of prices for the potatoes, that is an
\\ hen the crop in this section was
planted iu late 1-ebruary or March,
conditions were favorable and most
grmvefs got a very good stand. The
spring has been rather cold, and for a
time was inclined to be dry, but ther
have hecm several gont-rains since'the
potatoes were planted, and so they
have made a very good growth.
' Only a few have l»eeu dug in'this
section for local consumption, and
they have turned out very well, Not
many have attained their, full growth
yet, though left in the ground two or
three weeks 16nger a much better yield
would be secured, so some of the
National and State (arming experts
arc advising the farmer* not to dig
their potatoes now. They say the South
t arolina crop is now moving and that
it will he a large one. The point is
made that il the, crops of both the
I arolinas is put on the market at Ghe
time that the bottom will drop out.
I here was big increases in acreage in
both states this year and so the crop
will be large. Pamlico County is ex
jpected to produce 2(H),000 barrels this
year and there will be big*%rrTfrs' in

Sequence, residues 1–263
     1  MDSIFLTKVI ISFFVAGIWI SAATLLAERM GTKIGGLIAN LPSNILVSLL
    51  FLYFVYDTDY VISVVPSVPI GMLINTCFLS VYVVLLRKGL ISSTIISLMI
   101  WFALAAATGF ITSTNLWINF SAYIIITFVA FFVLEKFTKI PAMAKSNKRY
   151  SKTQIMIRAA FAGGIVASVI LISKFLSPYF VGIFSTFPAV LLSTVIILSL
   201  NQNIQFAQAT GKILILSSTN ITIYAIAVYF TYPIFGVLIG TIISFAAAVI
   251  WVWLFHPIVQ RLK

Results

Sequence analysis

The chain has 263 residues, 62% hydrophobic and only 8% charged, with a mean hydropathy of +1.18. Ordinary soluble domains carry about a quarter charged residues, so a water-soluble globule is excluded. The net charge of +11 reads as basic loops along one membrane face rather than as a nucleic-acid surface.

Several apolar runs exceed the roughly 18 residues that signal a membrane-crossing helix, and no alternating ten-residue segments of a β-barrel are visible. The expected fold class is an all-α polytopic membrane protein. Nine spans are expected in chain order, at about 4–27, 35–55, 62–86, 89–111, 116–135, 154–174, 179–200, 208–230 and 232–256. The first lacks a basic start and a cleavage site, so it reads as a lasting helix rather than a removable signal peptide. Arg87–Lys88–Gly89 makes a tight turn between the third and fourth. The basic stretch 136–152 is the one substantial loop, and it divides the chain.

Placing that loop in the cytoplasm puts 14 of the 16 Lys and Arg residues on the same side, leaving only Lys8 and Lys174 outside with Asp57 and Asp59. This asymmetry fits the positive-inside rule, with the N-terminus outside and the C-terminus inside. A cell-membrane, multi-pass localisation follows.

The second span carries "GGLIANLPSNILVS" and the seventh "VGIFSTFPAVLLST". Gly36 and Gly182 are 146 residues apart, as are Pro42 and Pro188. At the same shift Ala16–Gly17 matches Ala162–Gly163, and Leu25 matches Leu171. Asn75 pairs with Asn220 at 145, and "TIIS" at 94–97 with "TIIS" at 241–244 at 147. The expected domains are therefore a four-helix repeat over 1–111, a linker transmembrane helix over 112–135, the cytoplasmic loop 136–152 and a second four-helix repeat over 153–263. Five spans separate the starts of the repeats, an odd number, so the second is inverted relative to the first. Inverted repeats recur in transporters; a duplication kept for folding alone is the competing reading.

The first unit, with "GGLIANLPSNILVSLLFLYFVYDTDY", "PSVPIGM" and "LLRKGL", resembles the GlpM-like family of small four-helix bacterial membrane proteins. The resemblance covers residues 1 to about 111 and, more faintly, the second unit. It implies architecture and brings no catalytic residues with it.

other counties. ICarteret County's
crop may reach 100,000 barrels, which
will be the biggest ever raised there.
The yield in this immediate section
jis expected to be about the same as
| last year.
16 ENROLLED AT
Pupils Desiring to Remove
Conditions, Must Enroll
for Work at Once
! Sixteen pupils enrolled ii>r work'in
I the summer school opening here this
week, Principal W. K. Watson, stated
yesterday. Wive of the number art
working to remove conditions that they
might enter upon their high school
duties for the first time next fall. The
remaining eleven are removing condi
tions in various li/igli school subjects,
I Principal Watson, assisted by Pro
fessor 1., C. Thornton, is offering ten
subjects, the professors teaching from
8:15 until 12:12 each day. The school
is scheduled to run six weeks.
The classes are very small, and any
pupils desiring to remove conditions
or even advance themselves, will find
it- necessary to enroll at once it they
would remove 'the conditions or get
credit for any advanced ,'work, Mr.
Unusually Large Hen Egg\
on Display Here This Wtek
Taken from her flock, Mrs. Ada Ro'>-
erson, of Griffins Township, placed on [